It's year 2006. I'm running the Spice of Life kitchen inside Foodworks in Guilford, CT. I am deeply devoted to eating raw food, meaning, I have begun a journey where cooking food is not a reality for me. It's a story worth writing a book about, but for now, I'll spare you the details.
During that time, I was deeply inspired for this new way of life. For the first time in a long time, I felt great inside my body. As you may notice, eating raw food is not the most common of diets, so finding inspiration locally was quite a challenge at the time. Luckily there were some books floating around that could help me along the way. One of those was written by Ann Wigmore, founder of the Hippocrates Health Institute in Boston. it was through her work that I discovered rejuvelac and began to add it to my culinary repertoire.
Rejuvelac is nothing more then fermented grain water. Wheat, rye, buckwheat, even spelt berries have been my base for this wild fermentation technique that makes a great digestive tonic and/or base to blended soups or smoothies.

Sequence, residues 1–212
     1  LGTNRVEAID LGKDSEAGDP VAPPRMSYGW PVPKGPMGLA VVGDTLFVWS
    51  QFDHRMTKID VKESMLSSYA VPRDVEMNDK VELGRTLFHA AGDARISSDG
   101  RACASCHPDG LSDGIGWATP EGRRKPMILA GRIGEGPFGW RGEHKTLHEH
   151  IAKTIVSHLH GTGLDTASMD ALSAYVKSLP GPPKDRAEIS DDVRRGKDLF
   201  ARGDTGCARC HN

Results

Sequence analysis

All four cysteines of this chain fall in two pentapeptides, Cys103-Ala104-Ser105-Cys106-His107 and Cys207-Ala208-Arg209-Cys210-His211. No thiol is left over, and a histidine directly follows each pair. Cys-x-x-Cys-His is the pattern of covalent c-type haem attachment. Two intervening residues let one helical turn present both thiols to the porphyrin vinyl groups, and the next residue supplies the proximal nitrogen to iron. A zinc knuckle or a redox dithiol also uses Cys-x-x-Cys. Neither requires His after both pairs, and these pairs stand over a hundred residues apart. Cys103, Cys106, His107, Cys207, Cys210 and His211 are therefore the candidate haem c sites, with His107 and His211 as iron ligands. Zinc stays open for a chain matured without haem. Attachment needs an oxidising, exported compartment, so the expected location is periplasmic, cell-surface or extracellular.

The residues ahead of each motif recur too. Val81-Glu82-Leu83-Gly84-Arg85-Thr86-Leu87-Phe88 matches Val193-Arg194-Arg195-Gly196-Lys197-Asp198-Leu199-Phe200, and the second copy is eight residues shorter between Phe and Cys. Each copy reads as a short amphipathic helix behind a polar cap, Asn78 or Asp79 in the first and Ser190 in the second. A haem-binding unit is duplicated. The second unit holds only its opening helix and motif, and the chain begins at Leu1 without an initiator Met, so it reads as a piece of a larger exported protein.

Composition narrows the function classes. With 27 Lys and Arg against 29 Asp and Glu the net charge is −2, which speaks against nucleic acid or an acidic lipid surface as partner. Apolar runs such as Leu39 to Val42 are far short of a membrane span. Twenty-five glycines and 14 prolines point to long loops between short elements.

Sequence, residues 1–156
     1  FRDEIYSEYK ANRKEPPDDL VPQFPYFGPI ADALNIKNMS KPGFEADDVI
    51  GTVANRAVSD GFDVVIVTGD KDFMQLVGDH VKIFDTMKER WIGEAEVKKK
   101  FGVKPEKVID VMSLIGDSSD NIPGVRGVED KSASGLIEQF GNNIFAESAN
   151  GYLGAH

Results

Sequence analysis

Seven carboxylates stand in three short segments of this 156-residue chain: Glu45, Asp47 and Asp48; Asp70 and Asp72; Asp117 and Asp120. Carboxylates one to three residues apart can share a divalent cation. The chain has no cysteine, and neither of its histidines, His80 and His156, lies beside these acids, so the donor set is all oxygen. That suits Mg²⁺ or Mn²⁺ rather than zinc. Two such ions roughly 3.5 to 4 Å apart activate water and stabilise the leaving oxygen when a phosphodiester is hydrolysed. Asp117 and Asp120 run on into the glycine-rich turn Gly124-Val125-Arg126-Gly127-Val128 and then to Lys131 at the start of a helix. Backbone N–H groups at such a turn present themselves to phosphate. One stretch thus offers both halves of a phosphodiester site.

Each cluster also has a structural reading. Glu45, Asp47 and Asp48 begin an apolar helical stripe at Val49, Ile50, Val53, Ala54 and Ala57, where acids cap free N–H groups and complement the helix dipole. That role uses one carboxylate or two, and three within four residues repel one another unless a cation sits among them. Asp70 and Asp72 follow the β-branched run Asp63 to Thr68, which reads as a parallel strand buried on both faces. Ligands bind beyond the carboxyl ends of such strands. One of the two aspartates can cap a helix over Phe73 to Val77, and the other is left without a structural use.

How To Make Rejuvelac
- 1 cup dried wheat berries, sprouted (rye, spelt, einkorn, buckwheat or preferred grain will work)
- Place the wheat berries in a 1-quart, wide mouth jar and cover with water. Cover with cheesecloth attached with strong or a rubber band.
- Let stand for 4-6 hours, or overnight before, draining the water and rinsing the grains well.
- Continue until little sprouts emerge from most of the grain, being sure to rinse once or twice daily until that happens.
- Once sprouted, fill the jar to the top with water, then re-secure the cheese cloth.
- Let the jar stand for 24-48 hours, or until bubbles rise when the jar is lightly agitated. Drain off the liquid and boom, you have rejuvelac.
- You can repeat this process one more time with the reserved grains.
- Store your rejuvelac in the fridge and use within a week.